Monday, 14 February 2011

Lessons mi Mitzraim (Lessons from Egypt)

The news has been consistently pouring in from Egypt and I had resisted talking about it on this blog until it looked like there was something concrete to talk about. So much of what I was reading in the press was speculative: will Mubarak stay or go? When will he go? Who will take over? What does it mean for Israel?

Well, now Mubarak has gone from Cairo and from power and Egypt is in the care of a group of generals for the time being. They say they will implement the change the Egyptian people want. I hope they do for I cannot imagine what might happen if they don't.

"Cairo was lovely, but got a bit oppressive. Gone to Sharm now to relax...  love, Hosni xx"

Of course, one of the demands of the people is democracy and that means elections. Ehud Barak said on Sunday that the most likely political group to benefit from early elections would be the Muslim Brotherhood as they are currently the most organised and coherent opposition in Egypt.

How did Barak become an expert on religious fanaticism???

According to the BBC, the Muslim Brotherhood is the largest, oldest and most influential Islamic movement and has inspired others all over the world to take up a political and social Islamic program. The BBC also predicts that should the Muslim Brotherhood want to move Egypt's legal system toward sharia law this would be a popular move amongst Egyptians. I hope this is not the case. I have only been to Egypt a couple of times and only got past Nuweiba once. The three days I spent in Cairo was indeed eye-opening inasmuch as it was almost impossible to get by with English (lots of miming and pointing took place!) and once it was dark you would hardly see any women out in the streets, although you would see many men of all ages enjoying the cafes of Cairo. This was the first time I realised the depth of the conservatism in Egyptian society. But on the other hand we were warmly invited into the home of our taxi driver Farouk and his wife cooked us a fantastic meal. The Egyptians we met were welcoming and warm hearted. They knew I was Jewish and that I was studying in Jerusalem and we talked about the political situation and our mutual hopes for peace.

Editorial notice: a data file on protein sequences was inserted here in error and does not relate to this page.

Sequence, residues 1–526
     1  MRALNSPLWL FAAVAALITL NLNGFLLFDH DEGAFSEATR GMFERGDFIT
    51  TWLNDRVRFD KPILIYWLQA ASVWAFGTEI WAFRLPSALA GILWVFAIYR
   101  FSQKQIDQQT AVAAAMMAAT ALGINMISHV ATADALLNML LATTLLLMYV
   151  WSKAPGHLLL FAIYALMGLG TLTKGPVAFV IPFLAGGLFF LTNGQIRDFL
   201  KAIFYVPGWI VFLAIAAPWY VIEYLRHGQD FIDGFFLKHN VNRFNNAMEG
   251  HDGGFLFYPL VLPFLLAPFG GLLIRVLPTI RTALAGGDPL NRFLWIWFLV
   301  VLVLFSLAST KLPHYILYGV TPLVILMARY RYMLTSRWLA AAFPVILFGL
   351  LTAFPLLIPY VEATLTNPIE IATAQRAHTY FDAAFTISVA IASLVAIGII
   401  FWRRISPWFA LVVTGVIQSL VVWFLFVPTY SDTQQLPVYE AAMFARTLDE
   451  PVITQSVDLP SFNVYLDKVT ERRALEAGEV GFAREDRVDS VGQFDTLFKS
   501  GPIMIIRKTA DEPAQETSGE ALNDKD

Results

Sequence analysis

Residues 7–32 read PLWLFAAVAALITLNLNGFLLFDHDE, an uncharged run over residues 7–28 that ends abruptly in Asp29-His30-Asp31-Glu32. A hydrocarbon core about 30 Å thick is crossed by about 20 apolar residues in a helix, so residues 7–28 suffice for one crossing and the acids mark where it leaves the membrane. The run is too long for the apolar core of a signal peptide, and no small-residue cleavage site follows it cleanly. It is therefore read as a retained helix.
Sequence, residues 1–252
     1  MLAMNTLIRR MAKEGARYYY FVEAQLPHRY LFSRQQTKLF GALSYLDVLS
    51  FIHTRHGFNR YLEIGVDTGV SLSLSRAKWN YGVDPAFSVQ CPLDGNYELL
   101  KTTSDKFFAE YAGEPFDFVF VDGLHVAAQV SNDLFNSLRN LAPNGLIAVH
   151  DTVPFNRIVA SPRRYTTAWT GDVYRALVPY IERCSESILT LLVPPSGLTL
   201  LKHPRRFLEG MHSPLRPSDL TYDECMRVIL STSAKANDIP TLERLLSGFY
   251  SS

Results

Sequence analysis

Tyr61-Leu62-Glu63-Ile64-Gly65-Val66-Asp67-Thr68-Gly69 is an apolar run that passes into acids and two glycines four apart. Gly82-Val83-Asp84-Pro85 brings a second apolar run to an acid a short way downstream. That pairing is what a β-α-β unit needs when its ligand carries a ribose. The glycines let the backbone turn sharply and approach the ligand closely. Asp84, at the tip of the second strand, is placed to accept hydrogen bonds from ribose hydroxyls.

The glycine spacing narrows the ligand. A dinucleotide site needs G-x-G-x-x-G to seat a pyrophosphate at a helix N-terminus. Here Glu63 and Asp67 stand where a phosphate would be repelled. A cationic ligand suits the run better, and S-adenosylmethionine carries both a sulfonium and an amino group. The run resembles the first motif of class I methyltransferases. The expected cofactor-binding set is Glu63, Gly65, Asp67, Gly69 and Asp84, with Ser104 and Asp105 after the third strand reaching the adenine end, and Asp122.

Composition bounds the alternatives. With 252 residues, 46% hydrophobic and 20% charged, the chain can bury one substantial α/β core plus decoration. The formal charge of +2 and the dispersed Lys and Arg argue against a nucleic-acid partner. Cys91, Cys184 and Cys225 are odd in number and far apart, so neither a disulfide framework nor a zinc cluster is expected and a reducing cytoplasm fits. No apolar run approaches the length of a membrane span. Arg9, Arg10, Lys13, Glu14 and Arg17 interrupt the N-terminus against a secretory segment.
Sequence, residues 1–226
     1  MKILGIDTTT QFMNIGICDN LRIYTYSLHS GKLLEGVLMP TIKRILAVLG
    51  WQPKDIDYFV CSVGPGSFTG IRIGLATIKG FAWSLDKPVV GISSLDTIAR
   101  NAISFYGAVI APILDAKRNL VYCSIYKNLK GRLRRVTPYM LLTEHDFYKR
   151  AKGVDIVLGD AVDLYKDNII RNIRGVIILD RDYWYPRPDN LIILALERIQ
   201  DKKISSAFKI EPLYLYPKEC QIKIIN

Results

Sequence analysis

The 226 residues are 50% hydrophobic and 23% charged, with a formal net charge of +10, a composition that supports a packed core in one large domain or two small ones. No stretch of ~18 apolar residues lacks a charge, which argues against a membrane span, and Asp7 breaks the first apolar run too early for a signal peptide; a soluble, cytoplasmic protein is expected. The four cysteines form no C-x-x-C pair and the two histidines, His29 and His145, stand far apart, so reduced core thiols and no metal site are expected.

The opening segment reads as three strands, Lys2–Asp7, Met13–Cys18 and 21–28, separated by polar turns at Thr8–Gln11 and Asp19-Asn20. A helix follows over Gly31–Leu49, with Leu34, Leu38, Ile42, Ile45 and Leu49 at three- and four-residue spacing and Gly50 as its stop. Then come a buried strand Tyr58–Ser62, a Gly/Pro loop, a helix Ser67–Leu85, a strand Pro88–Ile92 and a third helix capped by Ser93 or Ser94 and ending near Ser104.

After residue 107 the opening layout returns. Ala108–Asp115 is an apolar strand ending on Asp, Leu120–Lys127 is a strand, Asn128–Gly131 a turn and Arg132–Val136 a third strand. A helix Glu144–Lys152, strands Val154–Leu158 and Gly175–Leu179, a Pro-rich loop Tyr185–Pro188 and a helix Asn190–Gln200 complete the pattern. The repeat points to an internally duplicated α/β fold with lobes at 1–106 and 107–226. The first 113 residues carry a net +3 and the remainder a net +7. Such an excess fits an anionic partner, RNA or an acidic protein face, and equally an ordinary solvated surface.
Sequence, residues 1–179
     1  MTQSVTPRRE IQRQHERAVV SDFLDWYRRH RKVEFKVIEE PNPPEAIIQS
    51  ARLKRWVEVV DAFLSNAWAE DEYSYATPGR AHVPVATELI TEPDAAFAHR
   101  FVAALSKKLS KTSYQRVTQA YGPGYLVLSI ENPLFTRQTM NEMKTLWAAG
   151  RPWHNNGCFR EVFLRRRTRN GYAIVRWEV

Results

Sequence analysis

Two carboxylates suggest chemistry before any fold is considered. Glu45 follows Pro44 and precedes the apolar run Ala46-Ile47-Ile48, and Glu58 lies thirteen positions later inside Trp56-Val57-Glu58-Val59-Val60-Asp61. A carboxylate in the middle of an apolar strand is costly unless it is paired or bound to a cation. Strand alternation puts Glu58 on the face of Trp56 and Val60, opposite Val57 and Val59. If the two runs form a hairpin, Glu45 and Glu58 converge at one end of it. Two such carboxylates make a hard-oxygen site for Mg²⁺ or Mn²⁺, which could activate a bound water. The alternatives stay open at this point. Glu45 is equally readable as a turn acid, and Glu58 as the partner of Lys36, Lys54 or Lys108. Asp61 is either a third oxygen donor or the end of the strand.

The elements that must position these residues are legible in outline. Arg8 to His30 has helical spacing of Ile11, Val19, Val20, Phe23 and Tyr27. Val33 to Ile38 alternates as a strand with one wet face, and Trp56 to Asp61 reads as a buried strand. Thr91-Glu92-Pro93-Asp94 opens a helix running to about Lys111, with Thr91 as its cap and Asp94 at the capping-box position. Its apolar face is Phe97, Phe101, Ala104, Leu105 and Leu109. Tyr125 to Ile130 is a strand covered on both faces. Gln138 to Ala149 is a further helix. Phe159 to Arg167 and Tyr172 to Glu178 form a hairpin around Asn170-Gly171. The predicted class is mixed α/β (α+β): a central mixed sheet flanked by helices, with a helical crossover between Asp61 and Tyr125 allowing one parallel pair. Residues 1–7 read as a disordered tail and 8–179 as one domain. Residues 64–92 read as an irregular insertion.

OK, so that was almost 14 years ago, pre-Bush and pre-911 (IMHO the two worst things to have happened for peace in the Middle East) and there was still optimism in the region about the prospects for peace, but I hope and believe that the Egyptian people will not replace the rule of a secular dictator for a bunch of religious dictators.

Spot the difference...

I called this post Lessons from Egypt because I think that instead of worrying about what might happen with the religious extremists in Egypt, Israel should be more concerned about the increasing religious fanaticism inside her own borders (as vague as those borders are - for the purposes of my point I include the occupied territories, the magnet for many Jewish extremists) and deal with that. And if that's accomplished and Israel still worries too much about the countries around her - there's a little group of nationalist extremists that could be dealt with too.

"Grant me the courage to change those things I can
Grant me the patience to accept those things I can't change
Grant me the wisdom to know the difference between the two"
The Serenity Prayer


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